I finally get on the next B6 bus to Midwood. This bus would get packed quickly too.
And going to class, I took more bus shots! This is the B11 bus using a C40LF, going to Sunset Park, Brooklyn.
I hope you enjoyed the ride!
The storm that has hit Brooklyn, New York and the rest of New York City
and the region has subsided. On my way to classes I decided to ride the
B train headed towards Manhattan from the Brighton Beach section of
Brooklyn. The snow is still bright white the day after. However the
conditions have made it slippery and people’s feet are wet. Of course
if you aren’t wearing boots, just somehow and someway, your feet are
bound to become wet from all that slush formed by the melted snow
puddles in the sidewalk.
Transportation in New York City has
returned to normal. The subways and buses, (NYCT, Bus Comp, and Long
Island Bus) were running on or close to schedule. Some snowplows and
garbage trucks were still removing and setting aside some snow that had
struck the streets a day earlier.
Here are some photos.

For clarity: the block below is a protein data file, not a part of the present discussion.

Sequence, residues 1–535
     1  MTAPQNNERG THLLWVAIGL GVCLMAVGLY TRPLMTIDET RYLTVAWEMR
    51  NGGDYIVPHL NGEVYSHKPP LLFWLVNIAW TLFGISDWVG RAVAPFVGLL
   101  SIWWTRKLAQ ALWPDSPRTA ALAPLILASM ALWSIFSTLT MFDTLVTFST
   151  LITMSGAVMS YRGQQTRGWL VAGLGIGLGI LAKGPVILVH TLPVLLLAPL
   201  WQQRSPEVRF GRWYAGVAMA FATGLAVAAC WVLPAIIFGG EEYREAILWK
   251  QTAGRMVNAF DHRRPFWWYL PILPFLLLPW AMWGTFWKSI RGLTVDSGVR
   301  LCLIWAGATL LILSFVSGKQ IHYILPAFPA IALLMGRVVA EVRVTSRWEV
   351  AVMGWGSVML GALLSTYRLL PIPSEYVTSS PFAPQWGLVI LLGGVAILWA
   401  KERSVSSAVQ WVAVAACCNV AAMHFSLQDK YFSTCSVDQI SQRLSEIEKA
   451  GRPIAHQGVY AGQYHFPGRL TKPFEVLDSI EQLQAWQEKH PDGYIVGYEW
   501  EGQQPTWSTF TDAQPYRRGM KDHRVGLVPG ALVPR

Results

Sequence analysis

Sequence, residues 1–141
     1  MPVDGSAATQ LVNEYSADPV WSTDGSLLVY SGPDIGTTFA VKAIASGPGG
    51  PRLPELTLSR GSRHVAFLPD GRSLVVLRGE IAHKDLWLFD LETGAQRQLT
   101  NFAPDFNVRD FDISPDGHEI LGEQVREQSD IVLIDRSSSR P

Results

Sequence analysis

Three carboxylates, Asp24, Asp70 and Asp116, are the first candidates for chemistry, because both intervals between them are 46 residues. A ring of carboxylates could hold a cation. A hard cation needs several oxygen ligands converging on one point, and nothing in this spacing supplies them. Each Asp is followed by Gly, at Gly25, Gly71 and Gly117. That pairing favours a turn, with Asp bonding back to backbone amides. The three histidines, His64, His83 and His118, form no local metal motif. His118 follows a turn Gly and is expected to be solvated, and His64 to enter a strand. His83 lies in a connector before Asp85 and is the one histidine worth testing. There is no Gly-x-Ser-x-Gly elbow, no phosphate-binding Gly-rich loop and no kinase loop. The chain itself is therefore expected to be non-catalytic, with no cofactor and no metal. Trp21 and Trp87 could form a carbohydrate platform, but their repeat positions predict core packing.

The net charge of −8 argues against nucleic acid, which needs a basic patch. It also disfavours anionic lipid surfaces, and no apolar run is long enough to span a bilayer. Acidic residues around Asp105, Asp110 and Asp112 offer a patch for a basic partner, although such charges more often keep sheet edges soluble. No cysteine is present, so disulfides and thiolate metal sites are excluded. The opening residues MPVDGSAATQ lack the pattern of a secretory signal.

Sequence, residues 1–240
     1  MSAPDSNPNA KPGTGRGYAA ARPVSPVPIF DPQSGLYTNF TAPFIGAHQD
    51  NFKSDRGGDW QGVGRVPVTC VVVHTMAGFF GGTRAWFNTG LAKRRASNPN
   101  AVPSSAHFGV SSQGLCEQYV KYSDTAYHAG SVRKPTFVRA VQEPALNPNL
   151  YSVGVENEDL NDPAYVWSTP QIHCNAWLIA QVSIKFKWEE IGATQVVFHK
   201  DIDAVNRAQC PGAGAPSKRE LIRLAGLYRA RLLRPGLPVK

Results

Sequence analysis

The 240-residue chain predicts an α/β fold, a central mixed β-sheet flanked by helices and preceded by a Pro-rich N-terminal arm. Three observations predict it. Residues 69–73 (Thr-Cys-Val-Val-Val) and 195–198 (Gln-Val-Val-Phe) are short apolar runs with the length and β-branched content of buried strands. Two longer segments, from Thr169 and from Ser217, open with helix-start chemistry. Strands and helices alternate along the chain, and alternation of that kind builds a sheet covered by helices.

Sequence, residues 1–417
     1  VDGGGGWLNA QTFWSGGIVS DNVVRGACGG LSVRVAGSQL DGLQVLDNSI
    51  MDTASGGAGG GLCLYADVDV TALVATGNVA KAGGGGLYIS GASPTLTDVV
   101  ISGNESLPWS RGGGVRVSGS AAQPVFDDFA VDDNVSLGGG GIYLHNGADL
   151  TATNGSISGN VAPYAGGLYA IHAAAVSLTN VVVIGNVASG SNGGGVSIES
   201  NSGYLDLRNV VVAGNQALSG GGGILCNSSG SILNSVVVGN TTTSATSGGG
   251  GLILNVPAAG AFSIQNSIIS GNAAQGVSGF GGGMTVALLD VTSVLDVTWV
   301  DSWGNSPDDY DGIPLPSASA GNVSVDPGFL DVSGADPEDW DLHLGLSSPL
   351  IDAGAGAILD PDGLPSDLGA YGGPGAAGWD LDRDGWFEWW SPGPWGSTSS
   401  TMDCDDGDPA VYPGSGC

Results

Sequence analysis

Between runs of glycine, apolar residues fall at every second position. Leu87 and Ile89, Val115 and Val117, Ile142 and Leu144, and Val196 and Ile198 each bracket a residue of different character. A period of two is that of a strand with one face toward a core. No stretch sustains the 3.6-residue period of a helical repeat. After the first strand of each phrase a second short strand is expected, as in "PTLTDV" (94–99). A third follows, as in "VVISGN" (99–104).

Next up is the boarding of the train.
enough, the B train leaves for Manhattan. I decided to snapshot some
photographs along the elevated section. The tracks are still covered in
Here comes Sheepshead Bay.
And we are leaving that neighborhood, only sticking there for about 20 seconds. Another Brighton bound B train passes us by.
The covered tracks at Cortelyou Road.
That is all for the B train.
in the day, I would take the F train bound to Coney Island coming from
Manhattan. Snow is everywhere still. I am traveling along the Culver
Line, passing the neighborhoods of Borough Park, Midwood, Gravesand,
and Coney Island.
Now just waiting for the bus after leaving the F train at Neptune Avenue.
I have just completed my walk in my neighborhood and I’ll tell you it’s
really treacherous out there. Buses and subways are being affected in
NYC big time. The snow still hits hard. Here are some of my other
photos from today’s events.
I am looking south towards the ocean.
This is looking west. Hardly anyone is walking around here.
The boardwalk restaurants are closed.
I found this quite interesting.
And here’s a team of snow enthusiasts.
Just walking down the street. The snow has piled on big time, but the buses still run.
is it for this trip. I hope you are warm if you are in the northeast.
If you are reading this from California, Florida, or anywhere else
that’s not affected by the snowstorm, I hope you’re safe and sound too.
While I was running some errands, I decided to take some photographs of
my neighborhood. It was really windy and a mix of rain and snow
occurred along my walk. The buses and subway aren’t affected too much
in NYC except that services will end early just to make sure other
services run smoothly.
All of these are taken in the Brighton Beach section of Brooklyn.